Potent, provocative and sometimes shocking, the word vulgar often conjures up negative connotations. It might make you wonder, what might be discovered at a fashion exhibition devoted to this naughty notion, for the term can be interpreted in a multitude of ways.
This is what Judith Clarke – the curator of The Barbican’s latest exhibition, and psychoanalyst Adam Phillips have focused on – pushing boundaries and exploring the wider concept and background of what has been considered vulgar in fashion throughout the ages.
The exhibition presents over 120 exhibits of well known fashion designers, including Vivienne Westwood, Alexander McQueen, Iris van Herpen, Pam Hogg, Stephen Jones, Manolo Blahnik and the inimitable Hussein Chalayan.
This thought-provoking collection of contemporary fashion evokes the question that almost anything can be vulgar. No one has the eligibility to define vulgarity, as it depends on an individuals point of view. Some may have deemed the rebellious punk movement to be the ultimate expression of vulgarity, whereas the scandalous Johnny Rotten himself would have balked at the sight of a neatly pressed smart suit – perceiving it to be a tasteless symbol of conformity.
Good taste changes with time, but vulgarity is not synonymous with bad taste. It is bold, unapologetic and shameless. Vulgarity always exaggerates, never retreats. It is committed to the concept of unashamed enjoyment – the theatre of ambition and a celebration of all that is kitsch.
Similar to the common depiction by traditional fairy tales, the exhibition plays with the idea that pleasure is viewed as vulgar, whereas restraint is a virtue. Nevertheless the curator appears not to judge, and simply provides a mesmerising visual display to provoke observations of the meaning of vulgarity within fashion.
Fashion without vulgarity would be dull. The vulgar is intriguing, experimental and pushes boundaries – as the renowned milliner to the stars, Stephen Jones states, “Vulgarity is the salt and pepper of fashion. We must never forget that vulgarity is tremendous fun!”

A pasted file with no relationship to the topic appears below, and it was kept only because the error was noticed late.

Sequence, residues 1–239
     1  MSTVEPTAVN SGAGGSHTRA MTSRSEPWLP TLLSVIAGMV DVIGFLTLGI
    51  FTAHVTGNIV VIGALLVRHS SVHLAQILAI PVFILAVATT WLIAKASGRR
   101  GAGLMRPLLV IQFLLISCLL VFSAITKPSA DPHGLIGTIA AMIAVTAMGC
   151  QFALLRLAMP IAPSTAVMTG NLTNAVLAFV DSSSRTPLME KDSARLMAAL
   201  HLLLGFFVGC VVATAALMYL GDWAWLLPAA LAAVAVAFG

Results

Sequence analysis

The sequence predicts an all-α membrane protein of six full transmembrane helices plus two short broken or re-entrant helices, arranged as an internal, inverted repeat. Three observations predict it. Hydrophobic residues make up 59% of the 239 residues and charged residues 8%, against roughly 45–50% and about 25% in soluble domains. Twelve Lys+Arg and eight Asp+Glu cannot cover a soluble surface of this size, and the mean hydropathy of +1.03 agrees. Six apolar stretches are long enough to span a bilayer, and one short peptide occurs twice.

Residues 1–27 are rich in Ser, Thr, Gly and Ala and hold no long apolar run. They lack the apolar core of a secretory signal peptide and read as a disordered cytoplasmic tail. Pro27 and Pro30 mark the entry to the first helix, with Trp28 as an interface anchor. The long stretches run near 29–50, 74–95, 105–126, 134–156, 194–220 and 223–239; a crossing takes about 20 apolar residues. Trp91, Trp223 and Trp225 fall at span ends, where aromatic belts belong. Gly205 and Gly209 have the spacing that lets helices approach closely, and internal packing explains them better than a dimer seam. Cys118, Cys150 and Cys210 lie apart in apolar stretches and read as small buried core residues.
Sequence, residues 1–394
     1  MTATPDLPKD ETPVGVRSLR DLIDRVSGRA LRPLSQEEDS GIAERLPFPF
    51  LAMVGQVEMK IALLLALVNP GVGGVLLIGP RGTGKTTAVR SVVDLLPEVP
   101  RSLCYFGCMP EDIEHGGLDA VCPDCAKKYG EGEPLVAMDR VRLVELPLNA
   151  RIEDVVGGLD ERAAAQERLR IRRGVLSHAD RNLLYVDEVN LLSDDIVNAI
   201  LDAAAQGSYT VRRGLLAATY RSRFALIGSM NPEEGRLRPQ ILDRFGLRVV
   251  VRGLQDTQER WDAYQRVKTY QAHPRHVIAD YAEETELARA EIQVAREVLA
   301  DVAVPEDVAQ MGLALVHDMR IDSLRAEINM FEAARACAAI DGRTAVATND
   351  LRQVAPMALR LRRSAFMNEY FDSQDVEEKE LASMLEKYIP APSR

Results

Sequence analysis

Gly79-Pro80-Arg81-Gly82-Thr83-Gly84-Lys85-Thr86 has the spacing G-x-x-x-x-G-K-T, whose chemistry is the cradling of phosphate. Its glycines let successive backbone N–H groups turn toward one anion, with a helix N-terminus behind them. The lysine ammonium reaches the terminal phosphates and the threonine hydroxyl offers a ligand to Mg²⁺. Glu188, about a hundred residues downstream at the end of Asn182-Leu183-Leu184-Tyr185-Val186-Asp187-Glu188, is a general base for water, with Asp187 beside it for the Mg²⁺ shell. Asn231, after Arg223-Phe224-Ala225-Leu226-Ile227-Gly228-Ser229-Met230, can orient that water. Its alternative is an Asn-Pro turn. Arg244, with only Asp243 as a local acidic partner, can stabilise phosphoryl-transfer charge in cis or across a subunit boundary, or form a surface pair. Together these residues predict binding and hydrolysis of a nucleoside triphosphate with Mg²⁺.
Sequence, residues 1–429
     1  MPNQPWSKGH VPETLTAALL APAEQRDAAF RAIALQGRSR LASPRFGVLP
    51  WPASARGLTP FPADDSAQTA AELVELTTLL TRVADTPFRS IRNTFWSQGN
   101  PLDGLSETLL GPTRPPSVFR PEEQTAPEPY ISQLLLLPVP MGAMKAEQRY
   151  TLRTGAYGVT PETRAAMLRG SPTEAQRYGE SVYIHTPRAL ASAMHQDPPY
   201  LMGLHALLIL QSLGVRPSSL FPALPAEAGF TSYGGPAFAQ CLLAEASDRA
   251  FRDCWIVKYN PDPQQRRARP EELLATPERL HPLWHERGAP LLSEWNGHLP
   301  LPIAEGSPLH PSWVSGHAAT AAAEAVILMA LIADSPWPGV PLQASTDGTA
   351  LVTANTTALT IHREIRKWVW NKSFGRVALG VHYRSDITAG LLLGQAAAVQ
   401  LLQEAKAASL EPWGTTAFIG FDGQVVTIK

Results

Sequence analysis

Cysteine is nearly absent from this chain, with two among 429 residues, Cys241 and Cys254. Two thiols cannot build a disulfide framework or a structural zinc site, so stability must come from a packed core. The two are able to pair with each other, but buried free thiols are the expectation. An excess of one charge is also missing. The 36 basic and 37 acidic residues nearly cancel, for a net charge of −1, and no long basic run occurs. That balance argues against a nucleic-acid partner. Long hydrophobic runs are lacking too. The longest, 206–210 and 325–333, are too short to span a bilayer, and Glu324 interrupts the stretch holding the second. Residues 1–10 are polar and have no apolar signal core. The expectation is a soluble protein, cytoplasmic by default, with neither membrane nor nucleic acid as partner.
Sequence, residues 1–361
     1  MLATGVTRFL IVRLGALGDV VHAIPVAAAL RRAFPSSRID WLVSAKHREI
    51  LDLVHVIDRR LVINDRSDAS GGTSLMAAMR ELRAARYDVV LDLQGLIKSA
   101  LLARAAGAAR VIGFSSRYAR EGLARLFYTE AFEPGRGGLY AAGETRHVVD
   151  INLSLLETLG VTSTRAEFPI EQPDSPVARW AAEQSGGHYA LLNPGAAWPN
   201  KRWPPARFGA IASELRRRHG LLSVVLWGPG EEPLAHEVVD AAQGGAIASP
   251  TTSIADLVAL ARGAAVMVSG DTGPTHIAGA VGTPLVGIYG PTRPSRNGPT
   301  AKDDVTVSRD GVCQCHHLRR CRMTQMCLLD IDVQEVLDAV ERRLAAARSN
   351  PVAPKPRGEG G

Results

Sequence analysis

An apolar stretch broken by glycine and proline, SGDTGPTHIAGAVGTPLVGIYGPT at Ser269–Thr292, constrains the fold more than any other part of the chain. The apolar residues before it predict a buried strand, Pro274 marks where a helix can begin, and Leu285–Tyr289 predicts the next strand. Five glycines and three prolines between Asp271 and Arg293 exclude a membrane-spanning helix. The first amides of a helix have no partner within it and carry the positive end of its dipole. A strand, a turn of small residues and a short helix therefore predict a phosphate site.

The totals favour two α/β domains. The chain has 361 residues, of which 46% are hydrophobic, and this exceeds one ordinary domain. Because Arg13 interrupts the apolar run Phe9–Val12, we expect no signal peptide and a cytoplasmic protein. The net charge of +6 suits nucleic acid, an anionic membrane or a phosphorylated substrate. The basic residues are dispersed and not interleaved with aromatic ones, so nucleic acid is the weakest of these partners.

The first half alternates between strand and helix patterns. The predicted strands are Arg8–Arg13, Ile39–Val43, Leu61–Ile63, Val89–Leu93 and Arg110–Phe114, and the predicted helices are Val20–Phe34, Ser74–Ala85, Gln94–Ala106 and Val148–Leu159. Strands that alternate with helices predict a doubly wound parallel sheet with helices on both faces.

High fashion is at constant play with vulgarity – think back to Chanel´s supermarket staged fashion show. Note that all the products in this fabulous shopping emporium were especially crafted for this purpose – garishly bearing Chanel labels. Some of them were presented at the exhibition and the rest probably sold as precious collectors items.
This vibrant catwalk show even displayed ‘vulgar’ ripped and holed items of (classically demure) tweed clothing, purposefully crafted by the couturiers to conjure up a sense of devilish disarray.
Another peculiarity of the vulgar is pretence – another direction explored by the exhibition. Be it someone pretending to be something they are not and failing at some crucial detail, or a dress desperately trying to give off the look of labour-intensive couture, when it’s merely a horrifically generic mass of factory printed fabric.
One of the exhibition’s themes directly explores the relationship between fashion and the body. This is achieved through over exposure using lace and body stockings to simultaneously reveal and conceal the body – as demonstrated by Louis Vuitton and Pam Hogg; and by the exaggerated body, where the body is explored and its erogenous zones amplified. This particular look is demonstrated by Vivienne Westwood and Malcolm McLaren’s tits top and Belgian avant-garde designer Walter van Beirendonck’s elephant skirt outfit – accentuated by an oversized hat courtesy of Stephen Jones.
Vulgarity is the unrestricted joie de vivre – when it comes to fashion, it’s definitely better to be vulgar than boring…
“The Vulgar – Fashion Redefined” at The Barbican Art Gallery in London is open till 5th February 2017.